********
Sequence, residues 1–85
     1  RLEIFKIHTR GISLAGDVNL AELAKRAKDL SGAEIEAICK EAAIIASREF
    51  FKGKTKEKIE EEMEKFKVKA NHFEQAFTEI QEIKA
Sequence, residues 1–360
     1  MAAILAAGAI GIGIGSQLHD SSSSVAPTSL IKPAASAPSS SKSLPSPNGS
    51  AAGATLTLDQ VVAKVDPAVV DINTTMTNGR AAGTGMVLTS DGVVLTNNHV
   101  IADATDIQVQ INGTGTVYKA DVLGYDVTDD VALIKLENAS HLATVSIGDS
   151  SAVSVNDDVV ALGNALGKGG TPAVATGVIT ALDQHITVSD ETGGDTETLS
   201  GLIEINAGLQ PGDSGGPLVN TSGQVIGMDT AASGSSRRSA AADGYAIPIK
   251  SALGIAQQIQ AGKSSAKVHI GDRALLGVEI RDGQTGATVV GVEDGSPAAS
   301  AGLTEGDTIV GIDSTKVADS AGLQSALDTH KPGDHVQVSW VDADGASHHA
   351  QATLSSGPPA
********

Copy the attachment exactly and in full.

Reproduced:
Sequence, residues 1–85
     1  RLEIFKIHTR GISLAGDVNL AELAKRAKDL SGAEIEAICK EAAIIASREF
    51  FKGKTKEKIE EEMEKFKVKA NHFEQAFTEI QEIKA
Sequence, residues 1–360
     1  MAAILAAGAI GIGIGSQLHD SSSSVAPTSL IKPAASAPSS SKSLPSPNGS
    51  AAGATLTLDQ VVAKVDPAVV DINTTMTNGR AAGTGMVLTS DGVVLTNNHV
   101  IADATDIQVQ INGTGTVYKA DVLGYDVTDD VALIKLENAS HLATVSIGDS
   151  SAVSVNDDVV ALGNALGKGG TPAVATGVIT ALDQHITVSD ETGGDTETLS
   201  GLIEINAGLQ PGDSGGPLVN TSGQVIGMDT AASGSSRRSA AADGYAIPIK
   251  SALGIAQQIQ AGKSSAKVHI GDRALLGVEI RDGQTGATVV GVEDGSPAAS
   301  AGLTEGDTIV GIDSTKVADS AGLQSALDTH KPGDHVQVSW VDADGASHHA
   351  QATLSSGPPA